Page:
Wednesday, June 5, 2013
Random Thoughts: Little Culture, Big Culture
One of the things about living in Northern California in the Bay Area is that it has a lot of people from various cultures. It is far more ethnically diverse than most parts of the U.S. and has ample numbers of people of Hispanic origin, African America, Middle Eastern, Indian and a wide representation of Asian cultures including Japanese, Chinese, Korean, and Vietnamese. It's rare that a day goes by in which I don't hear a language other than English spoken. For me, this is actually pretty awesome since I'm used to not completely understanding what people are saying and it makes it feel more like "home" after 23 years in Japan.
Beyond the sense that this is a "right" atmosphere to live in, I also have access to a large number of markets and restaurants offering ethnic food. In fact, it's been very gratifying for me as someone who runs a blog about snacks to have a chance to continue to experiment with different food and write about it. What is more, the people I have met and gotten to know also represent different cultural backgrounds and this has given me a chance to explore other cultures in a way which was not so accessible in Tokyo, aside from, obviously, Japanese culture.
It is this last point which I want to talk about and that is the idea of culture (and I have talked of this in another context in this blog before). My husband and I had lunch with a cohort of his from graduate school. She is of Korean descent, and remarked about how Koreans do this or that in their culture and that her family's ways were different than the way her husband (who is of European descent and more conventionally or stereotypically what people regard as "American") grew up. What I told her at that point was that it wasn't just people of different ethnic backgrounds who experienced such things. Each family or group has its own "little culture". This is what fuels in-law problems in large part. We all see what we experience growing up as "normal" and when we start to encounter people in the broader world, we see what they do as atypical, even when those people superficially resemble us in every way. You don't have to have what society views as a "cross-cultural relationship" to experience cross-cultural problems. They're just either reflections of big or little cultural differences, but they are differences nonetheless.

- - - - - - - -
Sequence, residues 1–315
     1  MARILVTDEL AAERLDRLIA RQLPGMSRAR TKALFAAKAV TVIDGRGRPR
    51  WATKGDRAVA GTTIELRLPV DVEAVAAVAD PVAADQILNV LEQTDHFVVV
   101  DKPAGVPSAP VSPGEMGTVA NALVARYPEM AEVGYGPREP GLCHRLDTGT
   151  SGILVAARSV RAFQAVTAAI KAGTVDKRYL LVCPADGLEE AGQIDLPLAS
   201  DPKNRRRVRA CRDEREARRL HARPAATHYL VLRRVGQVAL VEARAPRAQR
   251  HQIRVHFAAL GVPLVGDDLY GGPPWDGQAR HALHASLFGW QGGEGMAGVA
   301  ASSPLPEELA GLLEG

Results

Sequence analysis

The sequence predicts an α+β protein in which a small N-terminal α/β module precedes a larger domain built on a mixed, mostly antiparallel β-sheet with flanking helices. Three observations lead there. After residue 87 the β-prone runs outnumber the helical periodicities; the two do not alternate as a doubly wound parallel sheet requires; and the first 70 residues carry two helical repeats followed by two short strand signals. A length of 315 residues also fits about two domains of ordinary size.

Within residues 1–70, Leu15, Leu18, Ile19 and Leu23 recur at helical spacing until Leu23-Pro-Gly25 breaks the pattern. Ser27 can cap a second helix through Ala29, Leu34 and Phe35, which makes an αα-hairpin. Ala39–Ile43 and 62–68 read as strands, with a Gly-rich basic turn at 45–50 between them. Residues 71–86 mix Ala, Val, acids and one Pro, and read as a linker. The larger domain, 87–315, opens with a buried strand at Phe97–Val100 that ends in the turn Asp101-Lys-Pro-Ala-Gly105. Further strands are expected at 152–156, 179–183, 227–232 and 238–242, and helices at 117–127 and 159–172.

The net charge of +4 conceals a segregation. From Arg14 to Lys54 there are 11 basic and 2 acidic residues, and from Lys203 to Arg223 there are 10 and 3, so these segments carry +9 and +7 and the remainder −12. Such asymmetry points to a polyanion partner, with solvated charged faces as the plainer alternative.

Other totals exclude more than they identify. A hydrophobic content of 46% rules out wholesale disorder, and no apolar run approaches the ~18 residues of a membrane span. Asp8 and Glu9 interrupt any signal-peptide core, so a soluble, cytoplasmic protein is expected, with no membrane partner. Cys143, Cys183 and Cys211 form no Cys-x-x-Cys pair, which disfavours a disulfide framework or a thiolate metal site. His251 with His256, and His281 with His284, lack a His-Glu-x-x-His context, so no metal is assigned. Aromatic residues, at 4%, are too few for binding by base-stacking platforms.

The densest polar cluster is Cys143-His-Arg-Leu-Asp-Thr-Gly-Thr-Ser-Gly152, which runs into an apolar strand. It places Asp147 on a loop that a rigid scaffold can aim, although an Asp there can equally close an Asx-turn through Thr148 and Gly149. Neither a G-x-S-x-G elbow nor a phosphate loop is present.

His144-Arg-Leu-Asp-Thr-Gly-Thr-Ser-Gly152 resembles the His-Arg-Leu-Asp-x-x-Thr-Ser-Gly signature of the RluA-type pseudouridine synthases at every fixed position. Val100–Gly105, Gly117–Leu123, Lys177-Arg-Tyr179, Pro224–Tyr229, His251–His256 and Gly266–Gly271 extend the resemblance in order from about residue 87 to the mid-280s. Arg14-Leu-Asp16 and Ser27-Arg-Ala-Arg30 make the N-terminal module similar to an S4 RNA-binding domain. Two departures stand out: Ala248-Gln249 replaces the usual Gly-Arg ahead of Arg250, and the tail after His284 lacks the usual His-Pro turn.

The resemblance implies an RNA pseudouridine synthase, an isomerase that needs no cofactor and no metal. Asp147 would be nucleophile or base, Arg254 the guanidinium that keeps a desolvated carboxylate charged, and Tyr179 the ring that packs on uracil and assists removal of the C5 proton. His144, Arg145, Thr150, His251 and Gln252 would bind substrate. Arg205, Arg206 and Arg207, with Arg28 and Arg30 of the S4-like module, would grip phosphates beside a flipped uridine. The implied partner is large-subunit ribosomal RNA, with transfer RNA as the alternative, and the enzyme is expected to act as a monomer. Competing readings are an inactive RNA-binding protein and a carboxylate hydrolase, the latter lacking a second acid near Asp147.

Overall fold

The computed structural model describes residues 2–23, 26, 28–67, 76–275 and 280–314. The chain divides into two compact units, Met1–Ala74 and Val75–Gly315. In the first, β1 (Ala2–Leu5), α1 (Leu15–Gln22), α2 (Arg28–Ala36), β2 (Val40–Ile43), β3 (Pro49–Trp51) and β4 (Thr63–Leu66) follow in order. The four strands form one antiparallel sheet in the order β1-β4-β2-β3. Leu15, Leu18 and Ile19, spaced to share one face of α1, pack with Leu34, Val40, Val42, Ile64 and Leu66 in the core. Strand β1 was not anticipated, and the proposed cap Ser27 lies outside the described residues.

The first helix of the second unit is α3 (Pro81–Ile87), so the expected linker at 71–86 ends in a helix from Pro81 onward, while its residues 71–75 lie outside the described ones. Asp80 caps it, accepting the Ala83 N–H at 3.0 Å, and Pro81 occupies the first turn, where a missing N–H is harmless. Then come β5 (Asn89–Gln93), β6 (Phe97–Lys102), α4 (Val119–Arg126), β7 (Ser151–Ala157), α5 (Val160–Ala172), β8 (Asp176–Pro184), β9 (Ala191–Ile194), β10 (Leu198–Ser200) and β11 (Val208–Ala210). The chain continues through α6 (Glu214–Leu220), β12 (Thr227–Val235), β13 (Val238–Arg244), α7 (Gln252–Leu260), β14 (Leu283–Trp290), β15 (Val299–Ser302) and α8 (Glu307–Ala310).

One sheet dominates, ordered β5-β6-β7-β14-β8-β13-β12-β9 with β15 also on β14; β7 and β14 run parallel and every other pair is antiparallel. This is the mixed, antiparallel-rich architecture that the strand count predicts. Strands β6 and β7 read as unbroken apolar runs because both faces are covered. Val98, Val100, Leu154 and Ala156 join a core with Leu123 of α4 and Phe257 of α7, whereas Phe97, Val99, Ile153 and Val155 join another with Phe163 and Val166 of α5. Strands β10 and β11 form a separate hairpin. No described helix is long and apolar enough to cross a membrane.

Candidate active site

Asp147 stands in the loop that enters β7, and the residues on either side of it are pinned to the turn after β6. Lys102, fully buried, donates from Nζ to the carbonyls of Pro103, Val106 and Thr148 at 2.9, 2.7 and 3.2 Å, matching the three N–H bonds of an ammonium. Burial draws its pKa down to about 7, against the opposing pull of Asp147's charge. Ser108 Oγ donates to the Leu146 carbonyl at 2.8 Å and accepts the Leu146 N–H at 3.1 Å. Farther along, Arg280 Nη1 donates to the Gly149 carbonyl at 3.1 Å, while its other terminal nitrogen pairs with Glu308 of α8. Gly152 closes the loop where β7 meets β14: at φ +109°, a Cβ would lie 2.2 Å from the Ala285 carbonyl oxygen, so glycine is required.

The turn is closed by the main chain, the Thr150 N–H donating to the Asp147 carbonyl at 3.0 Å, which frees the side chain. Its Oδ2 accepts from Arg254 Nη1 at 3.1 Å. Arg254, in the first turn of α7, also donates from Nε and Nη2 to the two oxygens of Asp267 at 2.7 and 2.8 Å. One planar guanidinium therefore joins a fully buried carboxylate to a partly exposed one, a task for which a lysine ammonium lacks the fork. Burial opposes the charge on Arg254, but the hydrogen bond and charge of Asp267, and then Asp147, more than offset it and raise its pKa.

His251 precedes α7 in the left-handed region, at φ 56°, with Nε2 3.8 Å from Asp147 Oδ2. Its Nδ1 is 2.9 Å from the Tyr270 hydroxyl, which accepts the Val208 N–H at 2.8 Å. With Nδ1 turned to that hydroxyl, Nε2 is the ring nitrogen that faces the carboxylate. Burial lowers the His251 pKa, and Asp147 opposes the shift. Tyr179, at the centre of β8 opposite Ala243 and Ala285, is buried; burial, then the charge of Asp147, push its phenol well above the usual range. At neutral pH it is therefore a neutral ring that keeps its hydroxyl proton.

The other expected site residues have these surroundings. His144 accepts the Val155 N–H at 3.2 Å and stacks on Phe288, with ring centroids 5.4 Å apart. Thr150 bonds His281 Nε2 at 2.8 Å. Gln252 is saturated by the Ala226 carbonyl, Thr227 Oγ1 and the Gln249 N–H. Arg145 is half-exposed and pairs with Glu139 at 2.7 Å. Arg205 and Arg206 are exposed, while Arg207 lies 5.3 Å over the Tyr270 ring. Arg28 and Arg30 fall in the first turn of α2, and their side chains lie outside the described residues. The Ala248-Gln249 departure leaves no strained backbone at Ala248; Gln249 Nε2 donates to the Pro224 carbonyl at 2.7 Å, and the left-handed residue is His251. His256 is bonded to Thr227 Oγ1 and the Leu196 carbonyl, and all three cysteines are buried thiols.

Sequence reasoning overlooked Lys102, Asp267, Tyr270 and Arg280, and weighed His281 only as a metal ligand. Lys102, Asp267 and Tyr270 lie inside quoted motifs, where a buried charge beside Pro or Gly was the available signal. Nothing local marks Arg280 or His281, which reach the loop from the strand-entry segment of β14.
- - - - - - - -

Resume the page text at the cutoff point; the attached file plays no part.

The somewhat frightening thing about this is that our "normal" can be exceedingly abnormal, but we don't even know it because our experiences are such that we believe our everyday life is the same as other people's everyday lives. We are not aware of the idea of having a "family culture" because no one teaches us that this is the case.
For example, I grew up with an emotionally fragile mother who was prone to depression and who acted out on her pain by raging at her family members, usually my sister or me. Any tiny little mistake could set off a tirade full of personal attacks deriding us as stupid, malicious, and selfish. In my mother's world, others were responsible for keeping her from suffering and any time they upset her, they were doing so willfully. If she misplaced her handbag, something she frequently did because she was careless with where she left it, she would say we "hid" it just to upset her. The notion that we would do anything willfully to set off one of her tirades was absurd as no one would be foolish enough to invite such verbal abuse, but it didn't stop her from continuing to believe this was the case.
In the early days of my relationship with my husband, when he did something which upset me, I would accuse him of intentionally upsetting me. I did this because this was "normal" to me. In my thinking at the time, people who were close to you were responsible for not upsetting you with their careless actions (or what you perceived as such) and they must have intentionally set out to make you unhappy if they did not fulfill your needs.
My family dynamic, which was fueled by my parents' problems, "normalized" a dysfunctional mindset and my guess is that my mother's actions were emulating those of her parents to some extent. Fortunately, my husband reflected my actions back to me and I saw the light rather quickly. He did not grow up with such a "norm" in his family culture, and rather obviously, found this way of dealing with emotions troubling. Had he grown up in a family with similar problems and felt that it was normal to blame others for upsetting you or for not keeping you happy, we both may have simply engaged in such destructive behavior and never changed. A culture "clash" in this case resulted in a better outcome for all and a cultural "compatibility" would have resulted in continued pain.
This brings me, perhaps strangely, to talking about Japan. Culture can be small, as in a family's own culture, or it can be big, as in a country's culture. When I was teaching, students often asked me about "America" as if it were a monolithic entity full of people who thought and acted alike. They asked the question that way because that is closer to how Japan operates and they assume that their "normal" is every country's normal, just as I believed my family's normal was every family's. Once I came to conceptualize this, I got less irritated with what appeared to be ignorant or bigoted questions. They assumed a "sameness" because that's what they tended to experience.